UCLA: Visitors bureau rolls out red carpet

UCLA Today
APRIL 28, 2004

Welcoming 800 international guests annually
Visitors bureau rolls out red carpet

UCLA Today Staff

Gohar Grigorian stands at the ready as a charter bus rolls to a stop
at UCLA’s Westholme entrance. She is straight-backed, dark-suited and
nicely coiffed, with a cell phone clipped to her waist and a stack of
documents in the crook of her arm.

The bus is carrying a delegation of 11 Europeans who are meeting with
UCLA administrators and academics as part of a U.S. State
Department-sponsored visit to America. The passengers alight, among
them a police officer from Norway, a German politician and a
journalist from Bosnia-Herzegovina. Grigorian welcomes each with a
wide, warm smile and a `Hello, I’m Gohar, so nice to meet you.’

Grigorian knows better than most that you don’t get a second chance to
make a first impression. For the past decade, she has worked for
UCLA’s International Visitors Bureau, which each year brings more than
800 international guests to campus, eager to forge bonds with
professional counterparts and to learn about America from the vantage
point of one of its most storied academic institutions.

Recent visitors have spanned the globe, ranging from Afghan judges
learning about U.S. jurisprudence and Tunisian opposition politicians
studying grassroots democracy to Italian Ambassador Sergio Vento, who
took in the Young Research Library’s collection of works by the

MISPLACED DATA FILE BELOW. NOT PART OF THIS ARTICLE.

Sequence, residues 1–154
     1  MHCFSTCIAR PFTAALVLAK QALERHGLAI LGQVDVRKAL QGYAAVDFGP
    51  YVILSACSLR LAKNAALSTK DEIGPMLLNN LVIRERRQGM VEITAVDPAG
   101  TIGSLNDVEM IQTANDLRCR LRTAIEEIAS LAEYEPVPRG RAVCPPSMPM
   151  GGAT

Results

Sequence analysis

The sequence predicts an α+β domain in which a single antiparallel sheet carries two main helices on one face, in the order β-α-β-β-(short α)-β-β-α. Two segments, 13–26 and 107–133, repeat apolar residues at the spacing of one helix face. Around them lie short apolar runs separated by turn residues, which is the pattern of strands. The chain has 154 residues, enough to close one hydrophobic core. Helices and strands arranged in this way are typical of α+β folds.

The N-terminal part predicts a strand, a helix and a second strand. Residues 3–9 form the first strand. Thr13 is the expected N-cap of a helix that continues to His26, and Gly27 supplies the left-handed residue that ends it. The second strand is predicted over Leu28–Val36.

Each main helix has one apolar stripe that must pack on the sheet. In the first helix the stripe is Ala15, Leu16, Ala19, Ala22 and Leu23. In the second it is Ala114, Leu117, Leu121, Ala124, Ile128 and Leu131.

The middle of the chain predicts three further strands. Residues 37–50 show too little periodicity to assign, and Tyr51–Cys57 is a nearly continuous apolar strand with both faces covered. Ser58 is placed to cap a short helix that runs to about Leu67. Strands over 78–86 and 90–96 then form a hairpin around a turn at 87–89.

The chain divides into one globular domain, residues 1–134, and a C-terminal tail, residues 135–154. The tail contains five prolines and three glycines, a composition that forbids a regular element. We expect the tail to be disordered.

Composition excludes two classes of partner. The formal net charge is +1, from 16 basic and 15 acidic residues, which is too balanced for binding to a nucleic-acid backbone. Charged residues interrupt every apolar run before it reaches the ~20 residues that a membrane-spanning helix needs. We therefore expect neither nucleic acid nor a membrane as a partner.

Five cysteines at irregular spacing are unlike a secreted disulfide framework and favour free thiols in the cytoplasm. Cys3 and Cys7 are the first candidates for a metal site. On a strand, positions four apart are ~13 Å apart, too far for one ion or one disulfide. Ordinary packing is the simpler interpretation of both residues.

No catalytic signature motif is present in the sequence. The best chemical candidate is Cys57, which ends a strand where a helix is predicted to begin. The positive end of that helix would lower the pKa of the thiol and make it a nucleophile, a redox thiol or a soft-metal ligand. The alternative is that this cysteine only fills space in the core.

Italian Renaissance book printer Aldus Manuzio.

`If they’re in Los Angeles, they usually want to come to UCLA,’ said
Grigorian, the program officer for the visitors bureau since 2002. The
bureau traces its history to 1966, when it was part of the
now-disbanded UCLA Visitors Center. The bureau later moved to Special
Events and Protocol and in 2001 became part of the International

As UCLA’s unofficial hostess, Grigorian makes sure that visitors get
face time with a faculty member or administrator in their area of
specialization. The European delegation, for example, was interested
in diversity, so Grigorian arranged a meeting with a leading campus
expert on that subject, Assistant Vice Chancellor Thomas
E. Lifka. From a small office on the 11th floor of Bunche Hall, she
works the phones, arranging the tiniest details, down to side dishes
on the lunch menu. Her only staff is a part-time student assistant.

`Gohar does an excellent job,’ said Napah Phyakul Quach, director of
exchange programs for the International Visitors Council of Los
Angeles, with which Grigorian works closely.

The protocol business is laden with land mines, but Grigorian has so
far managed to sidestep them. She keeps a book on multicultural
manners nearby and is a keen reader of body language who can `tell if
someone is going to shake my hand or not.’ For Muslim visitors who are
so inclined, she sets aside prayer time. When picking a menu, she
usually bypasses meat and poultry in favor of salmon.

Snafus are inevitable, though. When a professor couldn’t meet with a
delegation at the last minute, she frantically knocked on faculty
doors until she found someone who agreed to substitute. `The visitors
didn’t even notice what happened,’ she said.

But Grigorian’s hard work hasn’t gone unnoticed. In February, UCLA’s
work promoting citizen diplomacy won the bureau a commendation from
the State Department, which each year brings thousands of
international visitors to the United States for professional exchanges
and study.

From: Emil Lazarian | Ararat NewsPress

Emil Lazarian

“I should like to see any power of the world destroy this race, this small tribe of unimportant people, whose wars have all been fought and lost, whose structures have crumbled, literature is unread, music is unheard, and prayers are no more answered. Go ahead, destroy Armenia . See if you can do it. Send them into the desert without bread or water. Burn their homes and churches. Then see if they will not laugh, sing and pray again. For when two of them meet anywhere in the world, see if they will not create a New Armenia.” - WS